Category Archives: Insects & Spiders

Garden Insect Photography with Collection Imager Geoff Thompson

by Geoff Thompson, Queensland Museum Collection Imager 

What does a museum micro-photographer do when locked down?

He builds a modification for his flash diffuser and heads out into the garden to photograph small creatures, with his own camera and macro lens.

After editing and adjusting, only a few images are worth sharing. Queensland Museum entomologists have identified these as far as is possible. Often it is impossible to identify an insect from a photograph. Entomologists may need to see features from many angles and sometimes at high magnification on a specimen, to be sure of an identification. The trouble is photographers rarely manage to catch the insect as well as photograph it.

Yellow Shouldered Ladybird - Apolinus lividigaster
Yellow Shouldered Ladybird, Apolinus lividigaster, an aphid feeder. © Geoff Thompson
Blowfly, Lucilia sp. on grass seed head, Brisbane, Queensland Australia
A blowfly, Lucilia sp.resting on a grass seed head. © Geoff Thompson
cryptine ichneumonid wasp_sml
A parasitic wasp, Family Ichneumonidae, subfamily Cryptinae. Resting on a leaf. © Geoff Thompson
Polyrhachis rufifemur_sml
A lovely golden spiny ant, Polyrhachis rufifemur, crawling on the underside of a Lemon Myrtle leaf, Backhousia citriodora. © Geoff Thompson
Bromocoris souefi_sml
A Pentatomid bug, Bromocoris souefi (Distant), on the bark of Elaeocarpus reticulatus (Blueberry Ash). © Geoff Thompson

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To find out more visit our website here or if you have a specific question about wildlife around your home submit it via ‘Ask an Expert.’

Let’s not forget the “little things”

By Dr Mike Rix (Principal Curator, Arachnida, and Research Fellow)

Most of us are all too familiar with the plights of large and charismatic species such as the tiger, black rhinoceros, giant panda and polar bear. Their iconic status and magnificence are synonymous with the international conservation movement, as their continued existence on planet Earth remains so dependent on the concerted efforts of citizens and governments.

In Australia, our emphasis on threatened species is likewise focused around vertebrate animals and plants with the highest of public profiles: mammals like koalas, bilbies and Leadbeater’s possums, birds like night parrots and cassowaries, and plants like the Wollemi pine. These species are undoubtedly deserving of our affection and conservation, and play an important role in shaping the Australian public’s environmental consciousness.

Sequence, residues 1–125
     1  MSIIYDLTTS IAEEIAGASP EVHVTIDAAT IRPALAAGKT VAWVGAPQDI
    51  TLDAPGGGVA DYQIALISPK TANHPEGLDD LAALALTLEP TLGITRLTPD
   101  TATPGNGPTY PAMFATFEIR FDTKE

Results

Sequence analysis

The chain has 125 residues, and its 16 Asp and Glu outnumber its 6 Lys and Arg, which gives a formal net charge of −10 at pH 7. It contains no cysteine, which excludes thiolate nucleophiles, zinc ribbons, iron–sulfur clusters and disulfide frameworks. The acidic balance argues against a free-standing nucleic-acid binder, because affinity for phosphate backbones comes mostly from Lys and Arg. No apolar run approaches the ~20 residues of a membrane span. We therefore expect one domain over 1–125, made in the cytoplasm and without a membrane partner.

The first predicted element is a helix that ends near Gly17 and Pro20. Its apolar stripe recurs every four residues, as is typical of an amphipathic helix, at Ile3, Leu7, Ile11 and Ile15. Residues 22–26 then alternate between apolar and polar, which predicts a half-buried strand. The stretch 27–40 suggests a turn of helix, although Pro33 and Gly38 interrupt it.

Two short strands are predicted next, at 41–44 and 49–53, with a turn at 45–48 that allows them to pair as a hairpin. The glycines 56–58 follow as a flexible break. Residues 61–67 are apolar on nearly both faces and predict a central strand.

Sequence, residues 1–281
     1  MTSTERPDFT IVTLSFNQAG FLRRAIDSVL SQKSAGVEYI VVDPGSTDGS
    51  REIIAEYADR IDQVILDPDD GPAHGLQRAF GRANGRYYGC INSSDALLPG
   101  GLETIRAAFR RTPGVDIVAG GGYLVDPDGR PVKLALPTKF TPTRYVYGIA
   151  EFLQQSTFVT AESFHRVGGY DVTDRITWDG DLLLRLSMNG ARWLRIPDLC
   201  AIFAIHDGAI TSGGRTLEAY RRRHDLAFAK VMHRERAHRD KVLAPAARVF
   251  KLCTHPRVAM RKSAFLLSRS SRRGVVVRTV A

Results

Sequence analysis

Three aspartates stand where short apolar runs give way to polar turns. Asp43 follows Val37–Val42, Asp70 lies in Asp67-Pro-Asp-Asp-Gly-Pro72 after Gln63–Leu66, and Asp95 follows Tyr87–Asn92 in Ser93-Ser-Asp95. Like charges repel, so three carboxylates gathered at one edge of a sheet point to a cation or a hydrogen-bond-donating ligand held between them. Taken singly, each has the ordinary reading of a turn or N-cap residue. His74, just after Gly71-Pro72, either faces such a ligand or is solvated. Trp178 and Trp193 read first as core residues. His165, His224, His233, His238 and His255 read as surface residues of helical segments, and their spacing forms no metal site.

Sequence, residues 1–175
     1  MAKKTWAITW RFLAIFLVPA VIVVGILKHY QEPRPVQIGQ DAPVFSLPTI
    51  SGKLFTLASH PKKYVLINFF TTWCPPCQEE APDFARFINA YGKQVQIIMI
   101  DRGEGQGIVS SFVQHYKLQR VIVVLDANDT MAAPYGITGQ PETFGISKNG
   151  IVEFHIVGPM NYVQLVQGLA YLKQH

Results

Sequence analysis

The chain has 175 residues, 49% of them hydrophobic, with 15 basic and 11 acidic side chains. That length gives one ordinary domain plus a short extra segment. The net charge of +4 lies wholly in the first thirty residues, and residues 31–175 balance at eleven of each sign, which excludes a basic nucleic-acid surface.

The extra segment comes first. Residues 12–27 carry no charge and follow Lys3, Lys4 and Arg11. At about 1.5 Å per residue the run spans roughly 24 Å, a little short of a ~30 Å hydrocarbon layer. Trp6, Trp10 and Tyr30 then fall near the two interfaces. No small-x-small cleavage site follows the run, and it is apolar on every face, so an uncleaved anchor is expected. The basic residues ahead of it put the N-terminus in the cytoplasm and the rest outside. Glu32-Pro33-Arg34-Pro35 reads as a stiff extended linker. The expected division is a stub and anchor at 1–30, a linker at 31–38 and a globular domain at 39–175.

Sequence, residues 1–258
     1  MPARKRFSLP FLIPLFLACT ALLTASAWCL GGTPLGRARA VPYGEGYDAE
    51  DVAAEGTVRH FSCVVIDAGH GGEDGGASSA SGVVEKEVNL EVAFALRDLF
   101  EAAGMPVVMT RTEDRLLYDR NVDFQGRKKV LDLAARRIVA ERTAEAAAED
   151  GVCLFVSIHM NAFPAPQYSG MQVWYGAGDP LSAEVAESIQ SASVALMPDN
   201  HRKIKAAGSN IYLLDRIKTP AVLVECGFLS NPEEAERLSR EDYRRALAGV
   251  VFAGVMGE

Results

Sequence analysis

But threatened species come in all shapes and sizes, and conservation biologists are slowly, but surely, adding more and more invertebrate animals to our national and state threatened species lists. This is not just an esoteric exercise – insects, spiders, snails, crustaceans and other invertebrates are crucial to the functioning of all terrestrial ecosystems, and we are realising all too quickly (and possibly far too late) that they are not immune to the devastating impacts of the Anthropocene – impacts like land clearing, climate change, pollution and the gradual destruction of the natural world.

The recent devastating fires during Australia’s 2019/20 ‘Black Summer’ took a distressing human and environmental toll. On Kangaroo Island, intense fires ripped through large swathes of the island, exacting damage which was shocking even by Australia’s harsh fire standards. Unsurprisingly, iconic species such as the Kangaroo Island dunnart, glossy black cockatoo, southern emu wren and southern brown bandicoot were all front of mind – and rightly so – as vast swathes of their habitat were reduced to ash. But Kangaroo Island is also home to a remarkable invertebrate fauna, with large numbers of species found nowhere else, and many with significant evolutionary connections to other parts of southern Australia, and even to other continents.

One such species is the Kangaroo Island assassin spider (Zephyrarchaea austini), newly discovered in 2010, and described by myself and other museum scientists in 2012. Assassin spiders or ‘pelican spiders’ are remarkable for myriad reasons, not least their evolutionary antiquity (dating back to the Jurassic), their unusual pelican-like appearance, and their Gondwanan distribution as relicts from a time when southern Africa, Madagascar and mainland Australia were connected. Assassin spiders also live in complex understorey food webs, where they are important predators of other spiders. The Kangaroo Island species is known only from the Western River Wilderness Protection Area, in the north-west of the island. The spider itself is extremely small, extremely rare, extremely fussy in its choice of habitat, and it has an extremely limited ability to move around the landscape. These characteristics make it (and indeed all assassin spiders) inherently susceptible to fire, and during the 2019/2020 fire on Kangaroo Island, its entire known habitat was wiped out.